On Saturday I drove up to the Concord Museum in Concord, Massachusetts, with Stuart Mowbray, Rhode Island publisher of Man at Arms Magazine, as well as many other arms collector publications. We went …
On Saturday I drove up to the Concord Museum in Concord, Massachusetts, with Stuart Mowbray, Rhode Island publisher of Man at Arms Magazine, as well as many other arms collector publications. We went up to see the new April 19, 1775, exhibit that opened in the spring. While I have volunteered there for many years and I assisted with the exhibit, Stuart hadn’t seen it yet. For me, it’s always interesting to take people through who haven’t seen it and then hear their comments.
You start off downstairs with a group of objects that help to tell the history of Concord from Native American habitation, through the American Revolution, and into the period of the authors living in Concord during the 19th century, Alcott, Emerson, Thoreau, etc. There are some wonderful things in that opening display. You then move through the history of the town and head upstairs to the April 19, 1775, exhibit.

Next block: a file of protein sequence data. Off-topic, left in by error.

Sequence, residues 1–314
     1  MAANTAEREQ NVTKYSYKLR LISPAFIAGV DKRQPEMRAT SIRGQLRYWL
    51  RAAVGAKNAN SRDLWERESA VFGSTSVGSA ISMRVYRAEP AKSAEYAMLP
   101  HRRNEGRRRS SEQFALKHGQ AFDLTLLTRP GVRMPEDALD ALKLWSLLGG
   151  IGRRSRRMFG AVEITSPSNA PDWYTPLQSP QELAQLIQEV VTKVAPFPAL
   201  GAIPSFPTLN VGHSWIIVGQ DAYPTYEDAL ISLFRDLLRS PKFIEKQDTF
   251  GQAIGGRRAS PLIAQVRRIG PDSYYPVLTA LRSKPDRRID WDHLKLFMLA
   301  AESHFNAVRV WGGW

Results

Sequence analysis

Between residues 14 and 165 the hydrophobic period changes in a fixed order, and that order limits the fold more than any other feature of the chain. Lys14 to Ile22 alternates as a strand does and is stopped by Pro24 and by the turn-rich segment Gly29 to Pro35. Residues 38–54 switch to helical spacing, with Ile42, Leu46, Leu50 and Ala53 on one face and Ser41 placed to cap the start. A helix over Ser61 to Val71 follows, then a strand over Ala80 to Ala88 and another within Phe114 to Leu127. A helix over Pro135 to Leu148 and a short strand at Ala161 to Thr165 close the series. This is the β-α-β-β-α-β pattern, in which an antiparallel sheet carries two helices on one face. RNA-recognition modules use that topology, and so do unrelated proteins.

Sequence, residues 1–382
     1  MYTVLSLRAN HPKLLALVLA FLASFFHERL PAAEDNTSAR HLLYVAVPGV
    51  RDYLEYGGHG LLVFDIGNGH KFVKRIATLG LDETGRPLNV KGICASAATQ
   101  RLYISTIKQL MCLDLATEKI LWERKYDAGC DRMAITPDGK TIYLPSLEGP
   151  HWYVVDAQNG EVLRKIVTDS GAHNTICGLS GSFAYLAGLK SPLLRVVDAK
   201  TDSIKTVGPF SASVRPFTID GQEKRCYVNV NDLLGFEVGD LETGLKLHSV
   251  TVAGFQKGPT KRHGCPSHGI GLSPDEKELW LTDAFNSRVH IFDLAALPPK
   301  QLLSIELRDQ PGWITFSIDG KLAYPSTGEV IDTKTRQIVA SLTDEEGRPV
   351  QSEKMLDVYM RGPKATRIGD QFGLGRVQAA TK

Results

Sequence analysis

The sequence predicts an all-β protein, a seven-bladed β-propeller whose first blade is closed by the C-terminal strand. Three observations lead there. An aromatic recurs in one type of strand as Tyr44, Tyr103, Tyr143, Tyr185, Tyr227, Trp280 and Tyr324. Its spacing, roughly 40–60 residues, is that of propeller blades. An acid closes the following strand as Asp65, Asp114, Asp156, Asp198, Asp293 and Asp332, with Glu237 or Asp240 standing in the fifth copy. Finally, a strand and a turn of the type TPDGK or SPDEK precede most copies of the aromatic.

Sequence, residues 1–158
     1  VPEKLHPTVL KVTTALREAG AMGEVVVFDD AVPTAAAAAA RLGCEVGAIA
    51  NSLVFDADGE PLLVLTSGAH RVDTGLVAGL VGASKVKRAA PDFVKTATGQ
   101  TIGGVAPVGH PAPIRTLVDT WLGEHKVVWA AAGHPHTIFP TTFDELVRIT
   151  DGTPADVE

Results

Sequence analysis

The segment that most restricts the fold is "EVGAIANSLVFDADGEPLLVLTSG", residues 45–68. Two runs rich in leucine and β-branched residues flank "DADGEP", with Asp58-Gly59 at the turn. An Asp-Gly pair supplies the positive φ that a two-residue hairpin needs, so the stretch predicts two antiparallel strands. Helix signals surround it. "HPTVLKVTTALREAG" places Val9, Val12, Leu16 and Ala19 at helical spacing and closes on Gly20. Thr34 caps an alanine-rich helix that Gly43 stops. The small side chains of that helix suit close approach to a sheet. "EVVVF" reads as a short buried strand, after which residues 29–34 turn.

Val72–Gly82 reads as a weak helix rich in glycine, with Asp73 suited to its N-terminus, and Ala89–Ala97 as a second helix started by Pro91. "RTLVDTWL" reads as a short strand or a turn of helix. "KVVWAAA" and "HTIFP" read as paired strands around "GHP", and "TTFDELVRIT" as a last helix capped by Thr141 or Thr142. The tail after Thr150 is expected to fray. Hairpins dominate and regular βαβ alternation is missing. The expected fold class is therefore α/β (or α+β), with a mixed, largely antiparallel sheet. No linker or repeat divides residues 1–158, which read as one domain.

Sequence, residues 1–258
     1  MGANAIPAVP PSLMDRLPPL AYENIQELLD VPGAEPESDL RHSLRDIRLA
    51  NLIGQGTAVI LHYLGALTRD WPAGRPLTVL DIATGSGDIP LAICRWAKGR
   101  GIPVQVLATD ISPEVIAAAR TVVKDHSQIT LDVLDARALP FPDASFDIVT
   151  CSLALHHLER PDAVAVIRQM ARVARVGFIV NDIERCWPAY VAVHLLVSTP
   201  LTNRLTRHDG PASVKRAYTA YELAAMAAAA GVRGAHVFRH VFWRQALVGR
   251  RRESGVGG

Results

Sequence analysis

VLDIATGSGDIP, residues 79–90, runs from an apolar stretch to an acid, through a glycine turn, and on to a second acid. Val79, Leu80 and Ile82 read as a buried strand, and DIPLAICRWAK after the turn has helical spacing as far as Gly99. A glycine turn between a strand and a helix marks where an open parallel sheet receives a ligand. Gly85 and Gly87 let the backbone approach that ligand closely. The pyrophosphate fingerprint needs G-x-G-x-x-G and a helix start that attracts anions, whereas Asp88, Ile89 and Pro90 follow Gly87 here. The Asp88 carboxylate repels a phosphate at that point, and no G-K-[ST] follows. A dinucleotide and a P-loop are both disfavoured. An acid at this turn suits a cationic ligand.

As you walk into the room there is a large copy of the 1775 DeCosta map that they have wonderfully animated and used to give an overview of the events of April 19. Without a word being said it shows the alarm riders spreading the word, British troops assembling in Boston and leaving to march to Concord to destroy the military supplies there. As the column reaches Lexington and the fighting starts, it brilliantly shows blue lines of men leaving their towns and marching towards the British column. At the bottom is a timeline as well as the number of troops involved. This really gives you an idea of what happened as well as the numbers of men involved that day. Around the room are objects from the day that are placed in a timeline manner, from Lexington in the early morning, through Cambridge and Charlestown during the evening. The map is a wonderful overview, but the objects are amazing! The tall clock that was in Buckman Tavern in Lexington on the morning of the 19th, a mirror from the home of Concord’s captain David Brown, smashed by soldiers from the light infantry company of the 4th Regiment of Foot, muskets and civilian fowling pieces used that day, swords, powder horns, examples of some of the military supplies stored in town. There are also smaller rooms attached with objects that relate to some of the important players that day. Furniture from the shop of Joseph Hosmer, the acting adjutant of troops at the north bridge, a chest-on-chest built by James Barrett, as well as objects used by Daniel Chester French as props when he sculpted the famous minute man statue.
On the way back home, I listened to Stuart talk about the exhibit. He really enjoyed seeing the objects and the way it was laid out. Like the Museum of the American Revolution I visited a few weeks ago, it is well worth the trip to the Concord Museum to soak in some history and material culture.
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